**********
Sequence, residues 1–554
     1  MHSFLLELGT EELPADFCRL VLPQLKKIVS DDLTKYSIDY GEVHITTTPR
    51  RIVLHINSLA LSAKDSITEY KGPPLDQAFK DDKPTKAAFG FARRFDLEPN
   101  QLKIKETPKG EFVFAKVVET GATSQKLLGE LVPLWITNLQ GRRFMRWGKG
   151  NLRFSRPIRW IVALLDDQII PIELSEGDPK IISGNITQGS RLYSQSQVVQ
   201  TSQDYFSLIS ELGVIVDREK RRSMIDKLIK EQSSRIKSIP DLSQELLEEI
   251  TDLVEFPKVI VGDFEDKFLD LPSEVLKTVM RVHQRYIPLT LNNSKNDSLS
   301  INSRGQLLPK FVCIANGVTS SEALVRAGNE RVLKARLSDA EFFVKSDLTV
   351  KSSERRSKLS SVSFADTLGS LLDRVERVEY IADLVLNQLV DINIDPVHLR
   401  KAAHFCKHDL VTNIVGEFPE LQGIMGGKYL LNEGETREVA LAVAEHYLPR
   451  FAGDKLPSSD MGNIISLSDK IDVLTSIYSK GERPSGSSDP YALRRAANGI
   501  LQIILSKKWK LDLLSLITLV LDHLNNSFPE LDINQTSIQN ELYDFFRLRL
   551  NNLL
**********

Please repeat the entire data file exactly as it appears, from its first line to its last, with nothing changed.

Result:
Sequence, residues 1–554
     1  MHSFLLELGT EELPADFCRL VLPQLKKIVS DDLTKYSIDY GEVHITTTPR
    51  RIVLHINSLA LSAKDSITEY KGPPLDQAFK DDKPTKAAFG FARRFDLEPN
   101  QLKIKETPKG EFVFAKVVET GATSQKLLGE LVPLWITNLQ GRRFMRWGKG
   151  NLRFSRPIRW IVALLDDQII PIELSEGDPK IISGNITQGS RLYSQSQVVQ
   201  TSQDYFSLIS ELGVIVDREK RRSMIDKLIK EQSSRIKSIP DLSQELLEEI
   251  TDLVEFPKVI VGDFEDKFLD LPSEVLKTVM RVHQRYIPLT LNNSKNDSLS
   301  INSRGQLLPK FVCIANGVTS SEALVRAGNE RVLKARLSDA EFFVKSDLTV
   351  KSSERRSKLS SVSFADTLGS LLDRVERVEY IADLVLNQLV DINIDPVHLR
   401  KAAHFCKHDL VTNIVGEFPE LQGIMGGKYL LNEGETREVA LAVAEHYLPR
   451  FAGDKLPSSD MGNIISLSDK IDVLTSIYSK GERPSGSSDP YALRRAANGI
   501  LQIILSKKWK LDLLSLITLV LDHLNNSFPE LDINQTSIQN ELYDFFRLRL
   551  NNLL